CategoryDES Providers (n = 27)Private Providers (n = 44)Two Sided Wilcoxon Rank-Sum Test
MedianMinMax% of
MedianMinMax% of
Emotional and
Motivational Support
Total36:2003:00134:00 29:0502:30121:30 710.50.169
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McRae, P.; Kobel, C.; Lukersmith, S.; Simpson, G. What Does It Take to Get Somebody Back to Work after Severe Acquired Brain Injury? Service Actions within the Vocational Intervention Program (VIP 2.0). Int. J. Environ. Res. Public Health 2022, 19, 9548.

AMA Style

McRae P, Kobel C, Lukersmith S, Simpson G. What Does It Take to Get Somebody Back to Work after Severe Acquired Brain Injury? Service Actions within the Vocational Intervention Program (VIP 2.0). International Journal of Environmental Research and Public Health. 2022; 19(15):9548.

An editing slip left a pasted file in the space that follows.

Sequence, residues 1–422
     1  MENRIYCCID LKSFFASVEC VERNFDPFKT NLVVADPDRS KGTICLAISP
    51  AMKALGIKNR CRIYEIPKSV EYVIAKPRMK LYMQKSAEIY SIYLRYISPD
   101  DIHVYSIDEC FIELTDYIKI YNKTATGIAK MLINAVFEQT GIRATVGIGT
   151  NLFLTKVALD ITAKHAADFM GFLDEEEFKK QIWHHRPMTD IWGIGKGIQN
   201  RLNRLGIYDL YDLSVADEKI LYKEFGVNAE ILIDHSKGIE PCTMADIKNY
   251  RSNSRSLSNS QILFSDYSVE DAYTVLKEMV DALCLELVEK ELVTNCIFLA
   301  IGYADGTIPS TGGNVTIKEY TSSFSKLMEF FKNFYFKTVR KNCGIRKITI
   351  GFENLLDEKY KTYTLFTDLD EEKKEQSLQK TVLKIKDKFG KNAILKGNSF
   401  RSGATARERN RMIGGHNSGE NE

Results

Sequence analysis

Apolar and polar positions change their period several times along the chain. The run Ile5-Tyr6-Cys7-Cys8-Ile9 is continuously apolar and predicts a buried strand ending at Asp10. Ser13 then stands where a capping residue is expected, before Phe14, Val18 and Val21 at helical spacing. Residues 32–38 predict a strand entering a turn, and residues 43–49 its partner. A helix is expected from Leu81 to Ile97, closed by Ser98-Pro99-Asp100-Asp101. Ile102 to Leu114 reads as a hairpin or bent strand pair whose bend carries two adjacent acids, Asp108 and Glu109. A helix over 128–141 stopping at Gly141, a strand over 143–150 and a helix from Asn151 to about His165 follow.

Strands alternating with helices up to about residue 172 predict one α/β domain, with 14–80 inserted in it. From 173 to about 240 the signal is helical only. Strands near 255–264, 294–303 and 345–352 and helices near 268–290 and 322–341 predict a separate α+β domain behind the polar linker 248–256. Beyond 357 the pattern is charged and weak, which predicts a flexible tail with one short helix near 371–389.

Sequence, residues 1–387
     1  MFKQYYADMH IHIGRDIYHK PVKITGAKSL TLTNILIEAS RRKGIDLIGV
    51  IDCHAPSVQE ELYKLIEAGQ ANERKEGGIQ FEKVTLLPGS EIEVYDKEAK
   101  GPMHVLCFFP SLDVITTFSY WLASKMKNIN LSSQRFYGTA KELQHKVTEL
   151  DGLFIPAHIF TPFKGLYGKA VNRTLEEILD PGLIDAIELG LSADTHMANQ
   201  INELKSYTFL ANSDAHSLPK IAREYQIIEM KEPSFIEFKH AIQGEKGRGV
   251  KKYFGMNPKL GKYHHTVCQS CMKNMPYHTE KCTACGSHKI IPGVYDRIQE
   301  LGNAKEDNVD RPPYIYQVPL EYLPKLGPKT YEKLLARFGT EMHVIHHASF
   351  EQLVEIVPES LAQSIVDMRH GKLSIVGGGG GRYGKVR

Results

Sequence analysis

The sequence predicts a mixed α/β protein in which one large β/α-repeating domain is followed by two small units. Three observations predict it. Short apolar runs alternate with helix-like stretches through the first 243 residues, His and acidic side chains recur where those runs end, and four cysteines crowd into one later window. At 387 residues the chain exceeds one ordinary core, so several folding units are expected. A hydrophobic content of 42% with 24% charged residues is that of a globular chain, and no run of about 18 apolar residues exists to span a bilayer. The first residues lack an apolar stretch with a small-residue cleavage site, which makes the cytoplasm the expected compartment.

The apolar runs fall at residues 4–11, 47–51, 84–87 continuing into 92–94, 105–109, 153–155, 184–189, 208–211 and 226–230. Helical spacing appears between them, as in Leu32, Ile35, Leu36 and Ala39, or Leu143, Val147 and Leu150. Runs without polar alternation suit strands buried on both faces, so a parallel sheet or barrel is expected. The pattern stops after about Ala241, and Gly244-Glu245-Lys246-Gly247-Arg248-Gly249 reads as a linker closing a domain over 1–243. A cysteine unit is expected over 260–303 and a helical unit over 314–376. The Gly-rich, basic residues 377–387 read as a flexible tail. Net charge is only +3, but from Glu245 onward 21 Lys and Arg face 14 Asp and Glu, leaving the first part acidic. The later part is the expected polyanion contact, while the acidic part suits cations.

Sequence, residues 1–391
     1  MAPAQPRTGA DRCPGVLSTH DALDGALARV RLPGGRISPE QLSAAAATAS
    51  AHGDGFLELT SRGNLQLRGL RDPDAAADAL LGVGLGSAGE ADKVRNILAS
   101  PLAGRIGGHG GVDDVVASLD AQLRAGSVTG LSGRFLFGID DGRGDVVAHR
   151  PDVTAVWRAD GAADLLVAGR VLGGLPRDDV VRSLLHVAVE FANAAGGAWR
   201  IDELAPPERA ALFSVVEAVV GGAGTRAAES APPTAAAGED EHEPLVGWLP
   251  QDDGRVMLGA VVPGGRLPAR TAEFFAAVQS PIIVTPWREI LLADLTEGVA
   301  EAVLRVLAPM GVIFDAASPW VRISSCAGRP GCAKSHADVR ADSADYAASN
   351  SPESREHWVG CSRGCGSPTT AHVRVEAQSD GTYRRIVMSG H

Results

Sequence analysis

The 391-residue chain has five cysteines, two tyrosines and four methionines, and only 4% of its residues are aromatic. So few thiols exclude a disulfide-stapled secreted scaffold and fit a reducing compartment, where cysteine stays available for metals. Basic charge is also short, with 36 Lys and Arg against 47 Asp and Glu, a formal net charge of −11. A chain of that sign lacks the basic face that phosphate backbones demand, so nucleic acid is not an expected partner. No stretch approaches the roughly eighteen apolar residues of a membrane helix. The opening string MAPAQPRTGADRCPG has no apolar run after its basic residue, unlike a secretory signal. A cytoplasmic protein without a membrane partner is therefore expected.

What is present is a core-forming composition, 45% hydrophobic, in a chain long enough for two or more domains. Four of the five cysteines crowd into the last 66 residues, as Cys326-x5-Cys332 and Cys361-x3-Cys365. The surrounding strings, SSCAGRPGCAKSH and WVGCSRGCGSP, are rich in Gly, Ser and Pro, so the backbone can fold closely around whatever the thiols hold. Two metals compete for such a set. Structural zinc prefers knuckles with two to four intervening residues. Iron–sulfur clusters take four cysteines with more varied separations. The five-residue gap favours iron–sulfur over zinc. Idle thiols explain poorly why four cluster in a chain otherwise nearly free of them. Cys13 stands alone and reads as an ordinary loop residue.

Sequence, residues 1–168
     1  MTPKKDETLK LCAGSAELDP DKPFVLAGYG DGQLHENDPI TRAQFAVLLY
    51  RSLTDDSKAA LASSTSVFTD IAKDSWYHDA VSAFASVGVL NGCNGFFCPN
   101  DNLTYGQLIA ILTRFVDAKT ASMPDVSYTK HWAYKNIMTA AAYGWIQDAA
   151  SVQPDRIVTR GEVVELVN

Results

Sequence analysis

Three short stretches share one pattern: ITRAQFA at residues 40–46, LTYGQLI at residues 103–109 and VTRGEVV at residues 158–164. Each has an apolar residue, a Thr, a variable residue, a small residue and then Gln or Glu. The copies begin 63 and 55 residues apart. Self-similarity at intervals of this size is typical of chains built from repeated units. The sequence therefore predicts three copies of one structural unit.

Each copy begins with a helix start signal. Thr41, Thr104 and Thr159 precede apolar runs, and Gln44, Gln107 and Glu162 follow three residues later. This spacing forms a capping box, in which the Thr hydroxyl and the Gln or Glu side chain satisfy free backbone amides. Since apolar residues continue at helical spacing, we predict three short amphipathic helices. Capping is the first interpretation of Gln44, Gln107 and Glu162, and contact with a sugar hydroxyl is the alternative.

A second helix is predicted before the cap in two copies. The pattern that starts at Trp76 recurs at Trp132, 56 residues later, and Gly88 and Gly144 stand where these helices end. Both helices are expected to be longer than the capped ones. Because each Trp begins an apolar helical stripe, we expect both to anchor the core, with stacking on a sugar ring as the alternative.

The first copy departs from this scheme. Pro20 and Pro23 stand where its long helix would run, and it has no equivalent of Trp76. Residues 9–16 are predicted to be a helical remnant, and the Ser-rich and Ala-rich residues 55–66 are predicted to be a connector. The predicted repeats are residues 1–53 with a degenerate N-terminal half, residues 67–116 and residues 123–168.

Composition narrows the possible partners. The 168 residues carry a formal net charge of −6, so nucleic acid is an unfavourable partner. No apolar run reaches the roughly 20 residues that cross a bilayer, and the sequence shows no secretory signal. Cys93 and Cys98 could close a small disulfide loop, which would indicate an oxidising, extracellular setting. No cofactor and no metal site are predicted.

Chicago/Turabian Style

McRae, Philippa, Conrad Kobel, Sue Lukersmith, and Grahame Simpson. 2022. "What Does It Take to Get Somebody Back to Work after Severe Acquired Brain Injury? Service Actions within the Vocational Intervention Program (VIP 2.0)" International Journal of Environmental Research and Public Health 19, no. 15: 9548.